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Lean Procurement – Maximising Your Supply Chain

Lean Procurement

2017 is expected to be a year of tough economic conditions so Eden Scott Supply Chain Team thought we would take a look into the principles of ‘Lean Procurement’ in relation to Supply Chain Management.

As organisations face up to ever-tightening budgets they are desperate to find the small savings that could add up to the significant impact they need. Applying ‘Lean Procurement’ philosophies across the Supply Chain can help organisations and departments who are looking to cut costs, improve efficiency to help them continue to compete in a challenging marketplace.

Implementing Lean Procurement Principles

The term ‘Lean’ is generally associated with improvements in the manufacturing process. However as supply chains hold so much potential for lead time management, quality improvement and cost reductions, it presents an excellent opportunity for applying lean solutions to find even greater efficiencies that will have an impact much further down the line.

ProcureEx Conference

At Scotland’s ProcureEx Conference in Glasgow, Eddie Regan (Senior PASS Consultant, BiP Solutions) discussed in a Reforming Procurement Skills Training Zone how ‘Lean Procurement’ can alter the way an organisation procures. By developing clear processes on how to tender, what to consider, when to do it etc, it can greatly reduce the costs of procurement and help to achieve significant savings in contracts’.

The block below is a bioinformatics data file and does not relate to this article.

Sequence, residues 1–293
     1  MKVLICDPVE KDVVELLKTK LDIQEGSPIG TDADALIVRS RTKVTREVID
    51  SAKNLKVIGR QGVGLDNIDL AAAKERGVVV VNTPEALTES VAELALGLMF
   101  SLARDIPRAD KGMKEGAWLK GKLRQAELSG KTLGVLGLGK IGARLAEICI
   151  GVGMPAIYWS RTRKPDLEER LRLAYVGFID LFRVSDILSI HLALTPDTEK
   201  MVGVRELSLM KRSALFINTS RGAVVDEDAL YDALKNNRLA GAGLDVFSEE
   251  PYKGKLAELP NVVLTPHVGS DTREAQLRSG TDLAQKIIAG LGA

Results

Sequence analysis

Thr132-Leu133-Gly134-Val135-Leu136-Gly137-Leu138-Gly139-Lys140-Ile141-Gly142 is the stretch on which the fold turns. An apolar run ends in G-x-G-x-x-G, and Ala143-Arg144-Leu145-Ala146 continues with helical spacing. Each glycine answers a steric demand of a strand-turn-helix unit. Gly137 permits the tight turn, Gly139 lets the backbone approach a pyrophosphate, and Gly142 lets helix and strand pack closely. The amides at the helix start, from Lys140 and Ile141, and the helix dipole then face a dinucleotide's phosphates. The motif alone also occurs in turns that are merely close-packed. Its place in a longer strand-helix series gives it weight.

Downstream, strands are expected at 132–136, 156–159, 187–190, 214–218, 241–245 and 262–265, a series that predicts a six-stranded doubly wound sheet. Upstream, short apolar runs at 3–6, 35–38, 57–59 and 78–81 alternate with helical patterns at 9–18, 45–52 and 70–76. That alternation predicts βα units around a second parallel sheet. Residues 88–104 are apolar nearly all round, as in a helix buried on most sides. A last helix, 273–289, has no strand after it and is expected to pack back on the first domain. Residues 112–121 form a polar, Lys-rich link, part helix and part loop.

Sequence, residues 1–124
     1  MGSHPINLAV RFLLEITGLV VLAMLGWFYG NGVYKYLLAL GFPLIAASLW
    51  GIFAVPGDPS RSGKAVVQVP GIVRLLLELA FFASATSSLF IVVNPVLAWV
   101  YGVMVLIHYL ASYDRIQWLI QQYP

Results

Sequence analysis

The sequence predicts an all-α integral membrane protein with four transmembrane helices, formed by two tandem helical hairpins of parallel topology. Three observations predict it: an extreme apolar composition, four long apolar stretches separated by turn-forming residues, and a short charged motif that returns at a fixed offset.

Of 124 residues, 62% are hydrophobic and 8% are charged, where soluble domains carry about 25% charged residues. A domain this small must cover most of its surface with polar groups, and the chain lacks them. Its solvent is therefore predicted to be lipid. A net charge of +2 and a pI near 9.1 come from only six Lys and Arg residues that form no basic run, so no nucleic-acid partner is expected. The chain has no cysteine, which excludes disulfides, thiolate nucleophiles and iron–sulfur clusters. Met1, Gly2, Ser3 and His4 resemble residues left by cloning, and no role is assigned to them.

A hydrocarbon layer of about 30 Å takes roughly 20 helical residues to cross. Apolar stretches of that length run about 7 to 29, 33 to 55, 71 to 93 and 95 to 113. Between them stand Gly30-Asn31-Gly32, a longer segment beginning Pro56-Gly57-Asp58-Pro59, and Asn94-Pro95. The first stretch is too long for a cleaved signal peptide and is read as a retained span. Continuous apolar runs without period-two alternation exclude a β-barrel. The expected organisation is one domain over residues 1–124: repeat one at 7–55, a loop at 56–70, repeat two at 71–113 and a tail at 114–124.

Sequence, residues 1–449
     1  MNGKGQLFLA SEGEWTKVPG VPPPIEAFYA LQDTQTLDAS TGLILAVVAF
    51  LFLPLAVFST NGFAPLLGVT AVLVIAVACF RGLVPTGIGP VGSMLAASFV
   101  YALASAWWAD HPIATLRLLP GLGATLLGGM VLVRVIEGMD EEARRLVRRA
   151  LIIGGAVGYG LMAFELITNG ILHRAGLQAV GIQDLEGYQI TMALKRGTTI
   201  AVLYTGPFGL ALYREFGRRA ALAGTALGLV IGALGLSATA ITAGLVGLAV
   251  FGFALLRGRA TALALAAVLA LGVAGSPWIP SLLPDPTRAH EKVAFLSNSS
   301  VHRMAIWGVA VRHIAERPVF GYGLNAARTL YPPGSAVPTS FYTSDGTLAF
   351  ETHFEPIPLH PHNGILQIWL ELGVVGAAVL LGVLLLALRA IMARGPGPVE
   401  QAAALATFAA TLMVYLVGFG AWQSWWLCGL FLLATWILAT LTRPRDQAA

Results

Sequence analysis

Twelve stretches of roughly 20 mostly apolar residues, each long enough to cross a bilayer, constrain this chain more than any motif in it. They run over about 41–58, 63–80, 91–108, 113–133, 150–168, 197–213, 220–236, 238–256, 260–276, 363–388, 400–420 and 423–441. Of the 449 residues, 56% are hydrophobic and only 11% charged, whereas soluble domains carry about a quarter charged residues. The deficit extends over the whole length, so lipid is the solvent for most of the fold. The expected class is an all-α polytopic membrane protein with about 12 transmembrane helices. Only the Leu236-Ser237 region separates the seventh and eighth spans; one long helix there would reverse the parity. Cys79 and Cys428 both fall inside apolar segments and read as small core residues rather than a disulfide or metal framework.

Cutting Out Waste

For an organisation to be ‘lean’ it must remove all non-essential resources. Applying this approach to procurement and supply chain management will result in minimising waste across key areas. The Chartered Institute of Purchasing and Supply (CIPS) have identified the following types of waste within a typical supply chain.

  • Transport between processes or organisations
  • Defects – called ‘scrap and rework’ in assembly industries and ‘ waste and write-offs’ in continuous process industries
  • Over-processing – doing work that does not provide value to the customer
  • Waiting (or inactivity) – people or parts that are waiting for other activities to complete
  • Unnecessary motion - Motion of people or parts within a process without adding value
  • Inventory, raw material, work-in-progress or finished goods that are not being worked upon
  • Overproducing – making products sooner or in greater quantities than customers require in order to reduce unit costs of production
  • Excess production and distribution capacities
  • Under-utilisation of the skills of the workforce


These areas of waste allow supply chain leadership to clearly see where they can become more efficient by focusing on reduction or removal. This process can seem simple - focusing on waste and understanding the critical success factors however the difficulty often lies with working with people. Getting team members ‘buy in’ and participation can be improved through the process by involving everyone in the change. Mistakes are generally made when leadership focus on lean improvement tools, rather than people.